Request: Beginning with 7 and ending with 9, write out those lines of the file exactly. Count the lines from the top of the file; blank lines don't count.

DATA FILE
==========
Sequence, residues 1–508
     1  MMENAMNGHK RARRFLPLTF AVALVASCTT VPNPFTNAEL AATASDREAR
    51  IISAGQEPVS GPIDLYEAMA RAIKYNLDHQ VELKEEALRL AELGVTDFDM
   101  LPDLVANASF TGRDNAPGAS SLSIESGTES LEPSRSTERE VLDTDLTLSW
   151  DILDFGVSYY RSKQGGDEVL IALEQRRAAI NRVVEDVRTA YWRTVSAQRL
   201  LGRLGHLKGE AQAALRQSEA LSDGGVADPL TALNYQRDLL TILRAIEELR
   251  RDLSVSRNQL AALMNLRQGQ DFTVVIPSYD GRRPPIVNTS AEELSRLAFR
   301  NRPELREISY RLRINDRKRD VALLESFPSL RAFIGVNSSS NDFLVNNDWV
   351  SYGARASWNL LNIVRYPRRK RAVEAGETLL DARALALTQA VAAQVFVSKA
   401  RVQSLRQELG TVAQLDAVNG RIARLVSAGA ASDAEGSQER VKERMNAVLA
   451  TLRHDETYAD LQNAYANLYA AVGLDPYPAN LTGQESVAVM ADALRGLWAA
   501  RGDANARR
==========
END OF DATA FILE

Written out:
   251  RDLSVSRNQL AALMNLRQGQ DFTVVIPSYD GRRPPIVNTS AEELSRLAFR
   301  NRPELREISY RLRINDRKRD VALLESFPSL RAFIGVNSSS NDFLVNNDWV
   351  SYGARASWNL LNIVRYPRRK RAVEAGETLL DARALALTQA VAAQVFVSKA